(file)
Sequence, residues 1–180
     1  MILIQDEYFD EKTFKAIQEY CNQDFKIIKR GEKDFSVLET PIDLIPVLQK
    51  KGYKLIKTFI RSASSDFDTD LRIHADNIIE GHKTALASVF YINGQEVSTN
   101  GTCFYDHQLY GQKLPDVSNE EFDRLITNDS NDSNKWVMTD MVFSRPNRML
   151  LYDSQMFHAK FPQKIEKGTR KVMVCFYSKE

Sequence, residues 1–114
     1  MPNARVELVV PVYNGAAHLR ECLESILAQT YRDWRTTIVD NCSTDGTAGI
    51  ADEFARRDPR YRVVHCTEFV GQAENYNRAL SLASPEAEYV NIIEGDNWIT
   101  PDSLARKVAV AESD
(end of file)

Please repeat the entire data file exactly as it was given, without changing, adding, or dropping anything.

Sequence, residues 1–180
     1  MILIQDEYFD EKTFKAIQEY CNQDFKIIKR GEKDFSVLET PIDLIPVLQK
    51  KGYKLIKTFI RSASSDFDTD LRIHADNIIE GHKTALASVF YINGQEVSTN
   101  GTCFYDHQLY GQKLPDVSNE EFDRLITNDS NDSNKWVMTD MVFSRPNRML
   151  LYDSQMFHAK FPQKIEKGTR KVMVCFYSKE

Sequence, residues 1–114
     1  MPNARVELVV PVYNGAAHLR ECLESILAQT YRDWRTTIVD NCSTDGTAGI
    51  ADEFARRDPR YRVVHCTEFV GQAENYNRAL SLASPEAEYV NIIEGDNWIT
   101  PDSLARKVAV AESD